India’s GDP growth slows to 5.3 p.c. in July-September quarter

Gross Domestic Product (GDP) growth was dragged down by the poor performance of the manufacturing sector which nearly came to a grinding halt.

Updated - December 04, 2021 11:29 pm IST

Published - November 28, 2014 08:53 pm IST - New Delhi:

The economy slowed in the first full quarter of the new Government, growing at 5.3 per cent from 5.7 per cent in the previous April-June quarter. Growth had remained below 5 per cent in the previous two financial years.

Gross Domestic Product (GDP) growth was dragged down by the poor performance of the manufacturing sector which nearly came to a grinding halt. Factory output grew 0.1 per cent during the July-September quarter against 3.5 per cent in the previous quarter, according to the data released on Friday by the Central Statistics Office.

The pick-up in project clearances by the Government over the last six months did not show up in the GDP growth numbers. Capital formation growth — an indicator of investment activity in the country — remained low at 28.3 per cent, falling marginally from the previous quarter’s 28.6 per cent.

Growth in government consumption expenditure slipped to 11.7 per cent from 13.4 per cent in the April-June quarter. However, it remained high, thereby helping GDP growth. This was reflected in the pick-up in community and social services growth that surged from 9.1 per cent to 9.6 per cent.

This boost of high growth in Government spending may not be available for the second half of the year as the Centre has decided to slash expenditure to keep fiscal deficit within target.

Agriculture performed better than expected even in the face of lower kharif output and decreasing acreage cultivation: Farm sector growth slipping only to 3.2 per cent from 3.8 per cent.

Mining and quarrying growth slowed to 1.9 per cent from 2.1 per cent. Electricity, gas and water supply growth was down to 8.7 per cent from 10.2 per cent. Financial and real estate services growth too fell to 9.5 per cent from 10.4 per cent.

GDP growth for the first half of the year, April-September, stands at 5.5 per cent as against 4.9 per cent in the same period last year.

Going forward, while trends in bank credit, tax collections and non-oil non-gold imports remain weak, the reform momentum post the assembly polls, improving liquidity conditions and project clearances prompt us to retain our full-year growth estimate of 5.6 per cent for 2014-15, said Citi India Chief Economist Rohini Malkani in a report on the GDP data released on Friday.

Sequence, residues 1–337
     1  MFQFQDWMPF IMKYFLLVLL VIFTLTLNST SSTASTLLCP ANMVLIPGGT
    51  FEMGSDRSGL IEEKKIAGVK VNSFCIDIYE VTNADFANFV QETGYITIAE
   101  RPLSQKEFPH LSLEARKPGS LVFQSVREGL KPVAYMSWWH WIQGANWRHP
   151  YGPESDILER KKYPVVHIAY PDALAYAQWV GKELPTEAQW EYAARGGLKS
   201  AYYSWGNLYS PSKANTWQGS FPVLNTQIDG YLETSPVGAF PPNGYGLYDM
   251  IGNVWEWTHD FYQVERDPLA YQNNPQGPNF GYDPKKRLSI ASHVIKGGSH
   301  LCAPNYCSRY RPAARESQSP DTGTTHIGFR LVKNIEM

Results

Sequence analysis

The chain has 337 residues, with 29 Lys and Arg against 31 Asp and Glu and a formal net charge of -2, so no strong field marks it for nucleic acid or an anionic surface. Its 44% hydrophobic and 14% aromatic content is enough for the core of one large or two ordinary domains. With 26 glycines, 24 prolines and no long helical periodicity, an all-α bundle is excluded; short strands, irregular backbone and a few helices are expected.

Noting the steep decline in manufacturing, industry chambers made a call for reforms pro-investments policies. “The Confederation of Indian Industry [CII] notes a moderate decline in GDP growth over the previous quarter owing to a steep decline in manufacturing output …But this does not alter the fact that the economy is on the road to recovery as compared to the previous year,” said CII Director General Chandrajit Banerjee.

In a statement on the GDP figures released, he recommended the Centre rollout proactive policies which would help revive investments and address the bottlenecks plaguing the agriculture and industrial sectors, a stable and predictable taxation system, faster regulatory clearances and industry-friendly land acquisition and labour laws. These, Mr. Banerjee stated, would go long way to create a positive milieu for investment and growth.

While the growth in agriculture and services sector is in line with expectations, the subdued growth in manufacturing at 0.1 per cent is a matter of concern, said FICCI President Sidharth Birla in a statement issued here. Recent FICCI surveys show that despite positive business sentiments, investors are still cautious about expansion due to subdued demand conditions and limited improvement in capacity utilization levels, he said.

“We look forward to further action on all the pending reforms including early introduction of goods and services tax, changes to the Land Acquisition Act and further reforms in labour laws. Finally, an important element of the cost structure for manufacturing is interest rates and given the current inflation situation RBI should ease the monetary policy stance as this would give a boost to investment sentiment”, Mr. Birla said.

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